Smoke free environments
Smoke-free environments have an impact on heart health by:
- reducing exposure to second-hand smoke
- reducing the number of cigarettes smoked and encouraging people to quit smoking
- de-normalising smoking
Exposure to second-hand smoke is associated with immediate and longer term risks for heart disease. Smoke-free environments protect non-smokers from the dangers of second-hand smoke.
We support smoke-free legislation which is working to make all public places and popular outdoor venues, such as dining and drinking areas, completely smoke-free
Benefits of smoke-free environments
A consistent approach is needed across Australia to define and regulate smoke-free areas.
Health benefits of smoke-free environments
- Reduced cardiovascular disease, especially decreases in admissions to hospital of people having a heart attack
- Improved respiratory health, particularly decreases in asthma incidences and symptoms
- During the first year in which smoke-free legislation is in effect, communities have experienced a 15% drop in Acute Myocardial Infarction (AMI) hospital admissions. This decline reaches 36% by the third year after implementation.*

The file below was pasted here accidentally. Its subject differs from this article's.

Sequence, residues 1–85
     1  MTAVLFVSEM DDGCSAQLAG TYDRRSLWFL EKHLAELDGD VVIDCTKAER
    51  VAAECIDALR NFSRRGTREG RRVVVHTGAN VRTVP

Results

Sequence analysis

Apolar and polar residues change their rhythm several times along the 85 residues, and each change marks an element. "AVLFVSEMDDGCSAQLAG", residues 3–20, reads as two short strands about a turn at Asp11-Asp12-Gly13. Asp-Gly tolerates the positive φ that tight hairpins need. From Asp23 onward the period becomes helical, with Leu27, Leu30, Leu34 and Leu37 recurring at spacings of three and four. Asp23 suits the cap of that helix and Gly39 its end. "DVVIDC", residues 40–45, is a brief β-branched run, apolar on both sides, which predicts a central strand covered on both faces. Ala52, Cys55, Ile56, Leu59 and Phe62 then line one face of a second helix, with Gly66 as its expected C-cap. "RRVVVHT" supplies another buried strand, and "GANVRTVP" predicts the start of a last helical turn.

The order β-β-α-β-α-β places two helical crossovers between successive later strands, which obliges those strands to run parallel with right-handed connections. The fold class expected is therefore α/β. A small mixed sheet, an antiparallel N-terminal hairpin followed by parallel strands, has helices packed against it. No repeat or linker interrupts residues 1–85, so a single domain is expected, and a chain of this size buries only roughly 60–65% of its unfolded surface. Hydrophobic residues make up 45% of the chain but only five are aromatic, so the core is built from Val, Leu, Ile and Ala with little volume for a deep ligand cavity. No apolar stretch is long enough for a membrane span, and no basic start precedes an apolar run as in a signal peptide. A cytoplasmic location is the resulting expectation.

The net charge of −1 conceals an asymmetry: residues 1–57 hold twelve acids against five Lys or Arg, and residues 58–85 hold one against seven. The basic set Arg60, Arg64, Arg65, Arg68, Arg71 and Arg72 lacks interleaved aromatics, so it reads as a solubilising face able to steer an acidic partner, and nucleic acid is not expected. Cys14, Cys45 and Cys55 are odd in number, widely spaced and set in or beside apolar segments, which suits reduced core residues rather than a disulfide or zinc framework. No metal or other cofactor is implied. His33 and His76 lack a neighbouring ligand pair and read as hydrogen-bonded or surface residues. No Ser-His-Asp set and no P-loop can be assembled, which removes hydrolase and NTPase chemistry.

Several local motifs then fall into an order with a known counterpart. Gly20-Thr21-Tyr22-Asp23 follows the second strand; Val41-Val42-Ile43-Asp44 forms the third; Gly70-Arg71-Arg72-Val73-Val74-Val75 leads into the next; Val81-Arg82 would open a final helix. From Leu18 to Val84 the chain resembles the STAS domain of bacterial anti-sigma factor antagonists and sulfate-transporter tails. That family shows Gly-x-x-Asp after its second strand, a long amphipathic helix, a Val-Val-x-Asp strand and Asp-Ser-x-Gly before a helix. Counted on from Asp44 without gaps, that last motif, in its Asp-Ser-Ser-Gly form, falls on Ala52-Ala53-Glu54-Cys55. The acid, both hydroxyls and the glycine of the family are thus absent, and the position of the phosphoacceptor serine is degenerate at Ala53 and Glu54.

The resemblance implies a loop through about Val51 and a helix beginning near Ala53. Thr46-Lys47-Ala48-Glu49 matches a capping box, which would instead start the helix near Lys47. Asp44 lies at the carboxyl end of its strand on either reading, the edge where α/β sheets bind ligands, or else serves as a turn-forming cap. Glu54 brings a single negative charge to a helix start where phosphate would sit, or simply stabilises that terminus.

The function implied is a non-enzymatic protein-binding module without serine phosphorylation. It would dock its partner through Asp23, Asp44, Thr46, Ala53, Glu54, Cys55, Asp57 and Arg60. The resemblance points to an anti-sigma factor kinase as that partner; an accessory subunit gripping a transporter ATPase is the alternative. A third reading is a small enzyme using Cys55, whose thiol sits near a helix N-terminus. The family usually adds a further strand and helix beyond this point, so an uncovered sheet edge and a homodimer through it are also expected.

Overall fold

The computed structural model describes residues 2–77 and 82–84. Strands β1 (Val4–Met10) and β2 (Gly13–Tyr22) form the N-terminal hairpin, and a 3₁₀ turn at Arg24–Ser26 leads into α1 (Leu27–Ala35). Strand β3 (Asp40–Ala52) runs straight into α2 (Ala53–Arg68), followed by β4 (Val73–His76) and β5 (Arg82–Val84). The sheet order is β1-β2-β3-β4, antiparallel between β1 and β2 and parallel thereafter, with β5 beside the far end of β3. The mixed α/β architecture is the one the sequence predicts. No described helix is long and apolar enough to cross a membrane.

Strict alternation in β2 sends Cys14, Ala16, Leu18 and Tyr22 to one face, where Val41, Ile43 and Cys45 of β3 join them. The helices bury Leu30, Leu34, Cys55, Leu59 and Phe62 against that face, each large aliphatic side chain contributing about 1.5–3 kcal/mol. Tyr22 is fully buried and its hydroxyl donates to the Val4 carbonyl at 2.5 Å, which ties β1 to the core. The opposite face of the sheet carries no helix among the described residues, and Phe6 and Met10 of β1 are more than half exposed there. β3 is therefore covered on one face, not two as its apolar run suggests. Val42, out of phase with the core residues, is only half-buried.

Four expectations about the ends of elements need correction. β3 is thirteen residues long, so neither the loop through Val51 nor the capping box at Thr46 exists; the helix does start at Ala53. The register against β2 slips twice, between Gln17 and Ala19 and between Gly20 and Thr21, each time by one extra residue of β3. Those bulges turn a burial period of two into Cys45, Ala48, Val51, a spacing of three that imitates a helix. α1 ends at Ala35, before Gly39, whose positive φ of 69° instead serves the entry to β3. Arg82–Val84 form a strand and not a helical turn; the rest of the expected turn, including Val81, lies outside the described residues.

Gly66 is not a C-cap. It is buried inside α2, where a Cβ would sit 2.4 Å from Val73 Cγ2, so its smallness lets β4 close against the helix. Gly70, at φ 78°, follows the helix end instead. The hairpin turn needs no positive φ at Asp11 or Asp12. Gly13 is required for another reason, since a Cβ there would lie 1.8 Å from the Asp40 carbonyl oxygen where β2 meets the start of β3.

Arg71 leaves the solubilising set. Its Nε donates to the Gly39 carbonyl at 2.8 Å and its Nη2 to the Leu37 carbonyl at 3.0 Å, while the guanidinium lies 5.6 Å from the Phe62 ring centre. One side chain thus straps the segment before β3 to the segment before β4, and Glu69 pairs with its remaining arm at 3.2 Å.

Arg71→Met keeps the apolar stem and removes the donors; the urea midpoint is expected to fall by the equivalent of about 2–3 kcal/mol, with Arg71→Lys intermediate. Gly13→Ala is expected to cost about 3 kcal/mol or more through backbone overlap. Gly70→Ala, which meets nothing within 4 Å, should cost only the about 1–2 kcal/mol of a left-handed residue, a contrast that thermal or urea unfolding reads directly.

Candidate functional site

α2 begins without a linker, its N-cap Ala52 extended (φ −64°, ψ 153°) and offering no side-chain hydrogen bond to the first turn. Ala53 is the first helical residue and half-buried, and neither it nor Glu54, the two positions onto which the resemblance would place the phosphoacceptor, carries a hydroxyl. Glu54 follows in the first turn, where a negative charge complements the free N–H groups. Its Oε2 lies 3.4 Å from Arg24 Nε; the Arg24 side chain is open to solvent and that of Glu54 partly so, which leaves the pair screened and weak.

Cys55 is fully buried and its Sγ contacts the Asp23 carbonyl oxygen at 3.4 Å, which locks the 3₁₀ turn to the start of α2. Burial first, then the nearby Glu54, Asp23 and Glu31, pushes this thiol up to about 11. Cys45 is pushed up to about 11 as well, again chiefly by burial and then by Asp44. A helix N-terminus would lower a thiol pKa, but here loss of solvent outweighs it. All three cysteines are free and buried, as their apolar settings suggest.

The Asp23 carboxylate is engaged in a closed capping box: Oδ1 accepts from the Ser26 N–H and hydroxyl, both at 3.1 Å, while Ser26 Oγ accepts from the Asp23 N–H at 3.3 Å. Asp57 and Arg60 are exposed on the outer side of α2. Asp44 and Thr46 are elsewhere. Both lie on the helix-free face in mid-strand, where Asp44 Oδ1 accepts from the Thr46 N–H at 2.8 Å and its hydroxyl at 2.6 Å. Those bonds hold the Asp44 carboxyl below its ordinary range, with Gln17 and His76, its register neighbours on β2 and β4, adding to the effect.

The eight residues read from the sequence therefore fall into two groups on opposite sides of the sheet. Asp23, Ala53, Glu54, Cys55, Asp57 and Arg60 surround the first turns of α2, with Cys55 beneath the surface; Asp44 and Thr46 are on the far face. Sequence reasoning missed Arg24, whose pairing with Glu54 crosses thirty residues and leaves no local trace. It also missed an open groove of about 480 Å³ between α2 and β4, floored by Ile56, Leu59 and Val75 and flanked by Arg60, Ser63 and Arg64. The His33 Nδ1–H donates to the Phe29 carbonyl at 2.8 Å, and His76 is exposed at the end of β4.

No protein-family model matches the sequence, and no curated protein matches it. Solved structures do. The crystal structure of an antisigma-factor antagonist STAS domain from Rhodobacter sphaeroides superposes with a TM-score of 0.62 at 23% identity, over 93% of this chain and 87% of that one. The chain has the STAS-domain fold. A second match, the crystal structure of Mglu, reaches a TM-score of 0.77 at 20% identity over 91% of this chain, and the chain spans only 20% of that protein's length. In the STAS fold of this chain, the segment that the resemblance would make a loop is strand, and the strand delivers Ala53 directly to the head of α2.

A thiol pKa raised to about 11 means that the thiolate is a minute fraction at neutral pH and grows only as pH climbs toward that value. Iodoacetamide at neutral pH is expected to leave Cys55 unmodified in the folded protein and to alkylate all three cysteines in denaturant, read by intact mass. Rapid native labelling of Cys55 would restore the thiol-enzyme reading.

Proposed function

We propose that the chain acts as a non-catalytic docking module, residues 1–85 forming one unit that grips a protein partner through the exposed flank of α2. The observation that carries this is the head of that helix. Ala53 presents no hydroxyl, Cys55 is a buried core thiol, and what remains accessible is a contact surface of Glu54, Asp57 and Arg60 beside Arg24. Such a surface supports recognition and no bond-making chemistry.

- Younger and non-smoking populations experienced the greatest declines. The Institute of Medicine (U.S.) concluded that there is a causal relationship between indoor smoking bans and reduced AMI risk.
- Improved respiratory health, particularly decreases in asthma attacks and symptoms
Economic benefits of smoke-free environments
- small positive effects on businesses including restaurants and bars
- increases in worker productivity
- reduced cleaning and maintenance costs
- reduced insurance costs
All Australians have a right to breathe clean air, especially in their own homes. Smoke infiltration is both a health hazard and a nuisance.
There is no safe level of exposure to secondhand smoke.
We support current efforts in Queensland that call for changes in strata housing processes to give residents better protection from smoke infiltration.